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Trying Rust for web services

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Developing web apps in dynamic languages is a breeze when using frameworks like Django for Python. The downsides are that software written in dynamic languages is harder, at least in my opinion, to maintain, to refactor and you also need to write tests to cover potential errors that would simply not be possible with a compiler.

While I would use Flask or Django for a small project, I would definitely prefer having help from a compiler for a long-lived product. The fact that compiled languages are generally faster than dynamic ones is a nice bonus too.

The two choices in my mind right now for a compiled language are Go and Rust. Some (ie Tom) would say Haskell, others would say Scala but in the end it's down to preferences.

I previously used Go for a few projects and I quite liked it despite some annoying quirks such as package management (might be solved by gb now) and seeing interface {} in some libraries to get around the weak type system. On the other hand, I have been following Rust development for quite a while but didn't play with it more than a couple of toy programs. I was keen to see if it could work as the backend for a web app, which in short means a HTTP server receiving and sending JSON while talking to a Postgres database. There are obviously an awful lot of other things but let's keep it simple for now.

The demo

You can see the project at https://github.com/Keats/webrust. This is a simple webapp with one endpoint that responds to either a GET or a POST. The GET handler will return all the passwords in the table and the POST will insert a record into the table and return a 201 status code.

For the HTTP framework, I have used Iron which was simple to use, granted I only created 2 routes and had no middlewares but there are other alternative such as rustful and nickle.rs.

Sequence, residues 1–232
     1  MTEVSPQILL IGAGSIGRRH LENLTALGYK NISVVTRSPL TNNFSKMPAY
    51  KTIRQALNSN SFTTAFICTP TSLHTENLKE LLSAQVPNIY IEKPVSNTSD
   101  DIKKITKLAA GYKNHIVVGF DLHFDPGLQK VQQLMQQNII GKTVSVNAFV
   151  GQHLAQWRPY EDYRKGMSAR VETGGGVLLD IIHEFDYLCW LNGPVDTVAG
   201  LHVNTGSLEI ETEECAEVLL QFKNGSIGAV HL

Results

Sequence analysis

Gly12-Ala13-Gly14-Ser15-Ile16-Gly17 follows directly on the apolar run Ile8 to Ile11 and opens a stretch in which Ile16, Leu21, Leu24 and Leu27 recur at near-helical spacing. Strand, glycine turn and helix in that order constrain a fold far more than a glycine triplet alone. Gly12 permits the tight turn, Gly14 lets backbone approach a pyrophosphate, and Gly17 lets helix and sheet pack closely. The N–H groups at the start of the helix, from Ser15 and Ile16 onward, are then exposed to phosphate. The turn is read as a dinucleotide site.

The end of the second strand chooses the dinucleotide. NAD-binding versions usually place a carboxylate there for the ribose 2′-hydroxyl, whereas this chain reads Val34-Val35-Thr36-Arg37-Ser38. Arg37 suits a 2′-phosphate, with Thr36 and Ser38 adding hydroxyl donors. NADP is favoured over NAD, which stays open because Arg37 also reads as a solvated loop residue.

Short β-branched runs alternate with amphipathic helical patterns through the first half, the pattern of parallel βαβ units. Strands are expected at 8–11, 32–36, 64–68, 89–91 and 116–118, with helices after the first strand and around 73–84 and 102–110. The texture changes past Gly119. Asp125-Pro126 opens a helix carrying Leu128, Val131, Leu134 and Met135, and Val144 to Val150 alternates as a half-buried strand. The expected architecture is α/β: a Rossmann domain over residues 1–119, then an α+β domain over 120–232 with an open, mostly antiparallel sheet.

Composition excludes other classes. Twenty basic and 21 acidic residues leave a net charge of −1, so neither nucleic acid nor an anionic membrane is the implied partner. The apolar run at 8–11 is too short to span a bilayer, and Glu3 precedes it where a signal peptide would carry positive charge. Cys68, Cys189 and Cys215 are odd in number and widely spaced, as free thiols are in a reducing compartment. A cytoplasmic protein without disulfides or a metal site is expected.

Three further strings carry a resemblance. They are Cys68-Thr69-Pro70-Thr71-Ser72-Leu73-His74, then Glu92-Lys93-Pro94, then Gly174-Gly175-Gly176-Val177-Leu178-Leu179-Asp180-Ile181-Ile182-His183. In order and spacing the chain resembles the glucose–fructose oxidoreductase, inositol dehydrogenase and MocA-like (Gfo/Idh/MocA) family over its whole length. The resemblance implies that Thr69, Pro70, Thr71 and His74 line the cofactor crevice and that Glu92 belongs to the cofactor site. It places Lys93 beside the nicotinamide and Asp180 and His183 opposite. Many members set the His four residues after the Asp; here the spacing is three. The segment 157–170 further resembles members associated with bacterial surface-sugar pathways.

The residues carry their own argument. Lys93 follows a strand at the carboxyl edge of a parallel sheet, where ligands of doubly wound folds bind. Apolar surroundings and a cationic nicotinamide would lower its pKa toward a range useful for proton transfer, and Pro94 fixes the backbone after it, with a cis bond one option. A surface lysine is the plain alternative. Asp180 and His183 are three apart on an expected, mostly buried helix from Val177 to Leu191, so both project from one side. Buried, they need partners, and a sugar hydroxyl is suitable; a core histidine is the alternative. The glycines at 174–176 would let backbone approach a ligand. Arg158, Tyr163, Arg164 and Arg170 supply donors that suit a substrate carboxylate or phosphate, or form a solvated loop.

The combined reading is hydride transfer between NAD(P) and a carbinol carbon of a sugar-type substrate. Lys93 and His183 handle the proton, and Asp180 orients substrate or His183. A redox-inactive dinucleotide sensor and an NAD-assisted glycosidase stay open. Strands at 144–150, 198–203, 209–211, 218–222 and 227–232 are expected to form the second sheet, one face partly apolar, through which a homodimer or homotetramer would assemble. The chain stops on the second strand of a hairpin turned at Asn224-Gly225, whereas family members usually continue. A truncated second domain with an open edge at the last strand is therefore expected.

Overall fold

For the postgres side, there is a crate (the term for a package in Rust) called postgres. I'm also using a pool manager called r2d2 because I didn't know about Arc and couldn't pass the connection itself as it wasn't thread safe.

The Makefile for Postgres was taken from another Iron + Postgres project I have found on Github: rustwebapp.

Keep in mind I'm a newbie in Rust so there are probably lots of things I'm doing wrong in there, feel free to point them out!

Note: the server is currently quite slow, only handling around 6.5k req/s for the GET handler, removing the database part makes it shoot up to 70k req/s so something must be going wrong somewhere around postgres

What I liked

Cargo, Rust package manager, works pretty damn well and its configuration file Cargo.toml is easy to write and understand. It is also used to build and run your package.

The language itself is very nice and easy to get started, granted this demo is very simple and doesn't have a single lifetime. Every single time the compiler didn't complain, whatever I wanted to do was working and whenever it complained, the message was clear enough for me to realize what was happening.
This is not going to be exhaustive by any means but here are the things I liked and disliked the most.

Result and Option types

Every Go developers has been caught forgetting the if err != nil when calling a function, every Python developers has seen exceptions that they didn't realise could happen. Rust (and some functional languages it's borrowing the concept from) bake those in the language, using the Result type. In practice, this means that by returning this type, the caller has to handle the possible errors. It wouldn't even compile if you didn't as we will see later, unless you use .unwrap() which is a way to get panics if there is an error.

The Option types is the same as the Maybe in FP, it represents the possibility of a value which Javascript would benefit greatly from for example (undefined is not a function anyone?).

Pattern matching

The easiest way to handle the above types is called pattern matching and is awesome in Rust. As an example from the demo, here's how to handle the Result from list_passwords that fetches all the passwords from the table in our handler:

match dal::list_passwords(conn) {
    Ok(passwords) => {
        let response_payload = try_or_500!(serde_json::to_string(&passwords));